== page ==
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Consider the product of vectors coordinated relative to a given coordinate frame, defined by $$\vec{a}\square\vec{b}=((a_{1},b_{1})\square(a_{2},b_{2})):=(a_{1}b_{1},a_{2}b_{2})$$ Explain why that in the context of vectors this is no good.

My work:

I think that it is no good because if you change the coordinate system, you may change the vector. (Like a vector in Cartesian coordinates would be a different vector in polar coordinates [Not a 100% sure about that, but seems to make sense]).

If anyone could expand as to why this is true, it would be greatly appreciated. Also please note, that I am fairly new to vectors, so if the advanced physics jargon could be kept to a minimum it would be appreciated as well.

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closed as too localized by Emilio Pisanty, Brandon Enright, Waffle's Crazy Peanut, David Z Jun 6 '13 at 3:56

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Vectors are the same in any coordinate system. Although its components may change, if you change the coordinate system, the vector is still the same. – Ana Jun 4 '13 at 17:12
Your operation could be also seen as a multiplication between tensorial products of two vectors, that is : $(a_1 \otimes a_2) * (b_1 \otimes b_2) = (a_1 b_1\otimes a_2 b_2)$ – Trimok Jun 4 '13 at 18:16
The only reason why this is worse than, say, the cross product, is that the definition of this operation requires you to choose a preferred coordinate frame. – Peter Kravchuk Jun 4 '13 at 18:16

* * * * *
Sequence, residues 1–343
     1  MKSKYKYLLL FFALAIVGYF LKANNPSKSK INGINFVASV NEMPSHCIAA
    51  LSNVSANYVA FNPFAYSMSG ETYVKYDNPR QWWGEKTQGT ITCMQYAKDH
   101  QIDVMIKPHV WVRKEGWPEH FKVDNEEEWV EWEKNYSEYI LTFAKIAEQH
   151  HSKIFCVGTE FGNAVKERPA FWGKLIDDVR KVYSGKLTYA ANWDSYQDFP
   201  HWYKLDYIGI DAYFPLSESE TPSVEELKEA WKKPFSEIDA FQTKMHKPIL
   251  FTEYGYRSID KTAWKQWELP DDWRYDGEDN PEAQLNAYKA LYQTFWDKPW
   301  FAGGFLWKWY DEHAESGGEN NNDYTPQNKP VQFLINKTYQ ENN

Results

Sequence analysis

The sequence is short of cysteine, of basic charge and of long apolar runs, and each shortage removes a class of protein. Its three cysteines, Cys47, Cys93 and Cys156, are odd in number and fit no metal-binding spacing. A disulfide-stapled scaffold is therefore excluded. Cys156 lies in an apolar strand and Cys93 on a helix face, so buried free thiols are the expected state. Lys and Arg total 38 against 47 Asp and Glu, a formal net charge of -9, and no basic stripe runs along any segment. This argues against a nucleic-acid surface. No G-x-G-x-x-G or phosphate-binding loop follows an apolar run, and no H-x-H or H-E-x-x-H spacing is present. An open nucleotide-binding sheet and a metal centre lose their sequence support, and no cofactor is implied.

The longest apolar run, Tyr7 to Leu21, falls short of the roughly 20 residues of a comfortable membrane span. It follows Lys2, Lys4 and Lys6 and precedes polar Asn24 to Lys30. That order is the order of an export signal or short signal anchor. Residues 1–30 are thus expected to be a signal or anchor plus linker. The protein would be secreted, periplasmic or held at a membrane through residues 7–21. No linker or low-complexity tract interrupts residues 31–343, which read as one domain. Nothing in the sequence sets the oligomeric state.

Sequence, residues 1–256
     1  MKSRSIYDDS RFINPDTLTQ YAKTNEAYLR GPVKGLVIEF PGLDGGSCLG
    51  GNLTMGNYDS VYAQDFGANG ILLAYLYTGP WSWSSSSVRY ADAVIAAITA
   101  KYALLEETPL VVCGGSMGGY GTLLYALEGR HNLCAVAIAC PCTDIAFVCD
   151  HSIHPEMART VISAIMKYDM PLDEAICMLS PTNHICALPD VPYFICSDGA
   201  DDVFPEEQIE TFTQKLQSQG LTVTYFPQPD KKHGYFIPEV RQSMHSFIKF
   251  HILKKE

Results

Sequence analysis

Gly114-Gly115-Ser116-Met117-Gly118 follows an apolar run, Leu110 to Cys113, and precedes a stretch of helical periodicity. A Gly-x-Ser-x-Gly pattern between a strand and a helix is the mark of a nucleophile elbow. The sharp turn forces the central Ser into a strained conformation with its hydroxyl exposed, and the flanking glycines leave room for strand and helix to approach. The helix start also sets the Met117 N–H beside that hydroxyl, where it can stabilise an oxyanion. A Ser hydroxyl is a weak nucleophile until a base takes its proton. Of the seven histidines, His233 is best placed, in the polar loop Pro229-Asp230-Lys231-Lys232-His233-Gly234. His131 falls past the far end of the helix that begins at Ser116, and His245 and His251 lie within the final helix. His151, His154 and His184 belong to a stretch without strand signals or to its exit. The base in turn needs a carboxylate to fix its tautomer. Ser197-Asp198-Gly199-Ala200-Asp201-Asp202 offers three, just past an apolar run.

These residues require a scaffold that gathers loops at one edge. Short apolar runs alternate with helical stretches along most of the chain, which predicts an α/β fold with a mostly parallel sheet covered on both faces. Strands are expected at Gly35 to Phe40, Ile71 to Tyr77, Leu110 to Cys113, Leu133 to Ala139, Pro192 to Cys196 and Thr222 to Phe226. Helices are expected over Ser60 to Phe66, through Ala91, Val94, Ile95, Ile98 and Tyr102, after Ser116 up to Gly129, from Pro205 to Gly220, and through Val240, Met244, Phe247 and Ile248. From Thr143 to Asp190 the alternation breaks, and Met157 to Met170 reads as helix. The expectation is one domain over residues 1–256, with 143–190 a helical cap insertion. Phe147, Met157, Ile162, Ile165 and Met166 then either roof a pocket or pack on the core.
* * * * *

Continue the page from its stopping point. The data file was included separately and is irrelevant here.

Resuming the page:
Note that in real-life situations you can have preferred coordinate frames. E.g. if you are working with crystal. Still, however, relevant operations should respect the remaining discrete symmetry. – Peter Kravchuk Jun 4 '13 at 18:25

You can define a product in any way you want, so your definition is perfectly fine. The question is whether that product is useful. And one of the things we usually require is that a product be invariant under rotations, for example. What this means is that if you rotate each of the vectors that goes into the product, you should get the same result, but rotated.

So for example, suppose we write the rotated version of $\vec{a}$ and $\vec{b}$ as $R(\vec{a})$ and $R(\vec{b})$. Then we might reasonably demand that your product is invariant: $R(\vec{a}) \square R(\vec{b}) = R(\vec{a} \square \vec{b})$. Now we have to check whether this is true.

If we rotate by an angle $\theta$, we can write $R(\vec{a}) = (a_1\, \cos\theta - a_2\, \sin\theta, a_1\, \sin\theta + a_2\, \cos\theta)$, and similarly for $R(\vec{b})$. With your definition, we have \begin{equation} \begin{split} R(\vec{a}) \square R(\vec{b}) = \big( (a_1\, \cos\theta - a_2\, \sin\theta)\, (b_1\, \cos\theta - b_2\, \sin\theta), \\ (a_1\, \sin\theta + a_2\, \cos\theta)\, (b_1\, \sin\theta + b_2\, \cos\theta) \big)~. \end{split} \end{equation} But we also have \begin{equation} R(\vec{a} \square \vec{b})= \big( (a_1\, b_1\, \cos\theta - a_2\, b_2\, \sin\theta), (a_1\, b_1\, \sin\theta + a_2\, b_2\, \cos\theta) \big)~, \end{equation} which is not the same. (Your job is to show why these things are true, and show that they are different.)

So your product is not invariant under rotations. And different coordinate systems might just express these vectors as rotations of one another. So the meaning of your product depends on the particular coordinate system you are using. That's usually not a good idea. You can check that $R(\vec{a}) \cdot R(\vec{b}) = R(\vec{a} \cdot \vec{b}) = \vec{a} \cdot \vec{b}$ and $R(\vec{a}) \times R(\vec{b}) = R(\vec{a} \times \vec{b})$ for the usual dot and cross products (the latter of which requires three dimensions). That's why they are so useful.

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